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Westminster getting a kick out of striker
This is an archived article that was published on sltrib.com in 2012, and information in the article may be outdated. It is provided only for personal research purposes and may not be reprinted.

In women's soccer, the difference between high school and collegiate play is bigger. The players are taller, faster, stronger and … well … just bigger.

For Margo Hickman, it's just another challenge to overcome.

The 5-foot-3 Westminster forward might be shorter in stature than the defenders she plays against, but her team-leading 11 goals on last year's Frontier Conference title team makes her one of the biggest players on the pitch. With the Griffins preparing to defend their title, they are facing a new season minus 11 departed seniors and a squad of young faces.

"We have a really new team," Hickman said. "It's going to be up to us [seniors] to go out there and play tough."

The 21-year old from Meridian, Idaho, has been playing soccer since she could walk. Her collegiate career began at Walla Walla Community College, where she was a part of back-to-back conference championships, leading the league with 28 goals.

Hickman transferred to Westminster in 2011 with two years of eligibility remaining — and wanting to share that winning tradition with her new team.

"That feeling of winning championships is amazing, and I wanted to be a part of this tradition at Westminster," Hickman said. "I'm glad we worked so hard last year and that it paid off."

Part of that tradition is returning to rival Carroll College on Sept. 30 and defeating the Saints on their own field. It's the one game of the season that is circled on the calendar that Hickman wants to win for Westminster.

"They'll be gunning for us and I think we are going to be ready for them," Hickman said.

Hickman knows that conditioning is a key part of Westminster's success. It's not just the ability of the players to get up and down the field, but having the strength to communicate in the middle of play. Running a 4-3-3 formation means that the Griffins play an aggressive game on offense, relying on a strong set of defenders in the back.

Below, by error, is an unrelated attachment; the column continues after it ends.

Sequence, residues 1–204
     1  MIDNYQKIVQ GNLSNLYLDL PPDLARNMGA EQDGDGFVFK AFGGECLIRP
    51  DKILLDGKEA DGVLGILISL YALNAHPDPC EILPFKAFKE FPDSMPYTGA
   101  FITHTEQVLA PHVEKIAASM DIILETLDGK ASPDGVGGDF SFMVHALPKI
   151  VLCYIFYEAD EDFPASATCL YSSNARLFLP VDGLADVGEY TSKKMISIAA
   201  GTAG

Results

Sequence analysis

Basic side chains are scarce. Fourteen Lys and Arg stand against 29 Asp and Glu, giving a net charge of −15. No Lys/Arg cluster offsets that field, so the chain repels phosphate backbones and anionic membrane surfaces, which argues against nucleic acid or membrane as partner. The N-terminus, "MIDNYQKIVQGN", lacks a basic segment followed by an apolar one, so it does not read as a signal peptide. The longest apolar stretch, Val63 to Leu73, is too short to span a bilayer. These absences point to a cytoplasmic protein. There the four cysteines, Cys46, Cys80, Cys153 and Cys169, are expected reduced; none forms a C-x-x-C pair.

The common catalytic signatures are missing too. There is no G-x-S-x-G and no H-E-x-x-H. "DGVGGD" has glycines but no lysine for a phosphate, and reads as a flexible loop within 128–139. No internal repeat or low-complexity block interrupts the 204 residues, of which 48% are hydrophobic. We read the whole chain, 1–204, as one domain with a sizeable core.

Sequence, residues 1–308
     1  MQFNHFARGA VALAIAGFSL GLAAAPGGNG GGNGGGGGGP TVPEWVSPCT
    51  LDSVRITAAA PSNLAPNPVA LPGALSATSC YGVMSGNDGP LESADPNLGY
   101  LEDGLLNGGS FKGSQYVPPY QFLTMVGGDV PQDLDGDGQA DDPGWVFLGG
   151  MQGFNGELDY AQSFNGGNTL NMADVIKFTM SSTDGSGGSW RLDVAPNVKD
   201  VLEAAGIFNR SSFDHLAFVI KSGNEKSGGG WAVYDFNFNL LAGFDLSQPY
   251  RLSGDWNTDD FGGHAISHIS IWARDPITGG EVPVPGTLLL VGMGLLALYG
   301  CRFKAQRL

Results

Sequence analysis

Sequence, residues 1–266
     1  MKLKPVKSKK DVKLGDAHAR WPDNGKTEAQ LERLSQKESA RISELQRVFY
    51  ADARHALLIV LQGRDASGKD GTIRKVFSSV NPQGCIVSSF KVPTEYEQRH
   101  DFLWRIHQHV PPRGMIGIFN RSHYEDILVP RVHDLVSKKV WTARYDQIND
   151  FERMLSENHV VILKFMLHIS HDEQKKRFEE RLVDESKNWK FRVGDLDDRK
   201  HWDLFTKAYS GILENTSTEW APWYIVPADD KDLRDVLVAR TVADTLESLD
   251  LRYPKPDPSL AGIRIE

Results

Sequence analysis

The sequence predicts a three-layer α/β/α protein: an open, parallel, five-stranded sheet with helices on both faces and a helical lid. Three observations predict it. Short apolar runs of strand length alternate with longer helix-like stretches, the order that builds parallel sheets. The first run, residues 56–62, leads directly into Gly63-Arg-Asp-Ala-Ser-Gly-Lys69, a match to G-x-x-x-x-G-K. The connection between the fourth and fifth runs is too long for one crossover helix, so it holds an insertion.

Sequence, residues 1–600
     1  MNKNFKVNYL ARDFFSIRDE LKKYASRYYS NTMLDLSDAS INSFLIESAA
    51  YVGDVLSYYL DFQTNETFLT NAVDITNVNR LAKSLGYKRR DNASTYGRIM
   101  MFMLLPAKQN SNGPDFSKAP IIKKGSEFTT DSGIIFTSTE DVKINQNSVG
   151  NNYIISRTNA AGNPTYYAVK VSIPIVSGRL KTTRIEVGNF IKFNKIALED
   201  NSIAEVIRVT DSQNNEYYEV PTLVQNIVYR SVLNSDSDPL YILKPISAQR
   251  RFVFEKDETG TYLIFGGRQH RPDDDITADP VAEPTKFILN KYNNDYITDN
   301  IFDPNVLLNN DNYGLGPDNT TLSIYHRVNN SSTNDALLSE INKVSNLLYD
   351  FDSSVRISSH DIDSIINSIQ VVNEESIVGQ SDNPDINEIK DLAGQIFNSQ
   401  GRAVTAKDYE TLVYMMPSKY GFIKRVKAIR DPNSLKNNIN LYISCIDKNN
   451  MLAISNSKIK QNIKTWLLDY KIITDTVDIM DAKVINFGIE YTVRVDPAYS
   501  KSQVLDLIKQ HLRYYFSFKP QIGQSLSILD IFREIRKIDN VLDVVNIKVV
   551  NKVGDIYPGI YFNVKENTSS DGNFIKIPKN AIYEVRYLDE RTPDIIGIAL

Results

"Playing with more people up front gives us better chances to score," Hickman said. "Our defense is really strong, and I know I can trust them to help get the ball to us."

Westminster coach Tony Leblanc has high hopes for Hickman. He says her leadership on the field and scoring potential will give the Griffins a lot of opportunities to repeat as Frontier Conference champions.

"She was a huge piece of the puzzle last year, and I am expecting a lot out of her this season," Leblanc said. "She's the kind of player that can score big goals for us."

Hickman will hang up her cleats this year and focus on getting accepted to the nursing program at Westminster. With three more years of school ahead, she would like to transition her soccer career from playing to coaching.

"I'd like to share my experiences and help the other girls in how to play better," she said. "Being at Westminster is a special feeling, and I'd like to stay on with the team in any way I can." —

About Margo Hickman

Hickman led the Griffins with 11 goals last season.

She transferred from Walla Walla Community College.

She would like to work as a pediatric nurse upon completing her nursing degree.

Soccer • As a transfer to the Griffins, Margo Hickman has been a boost.
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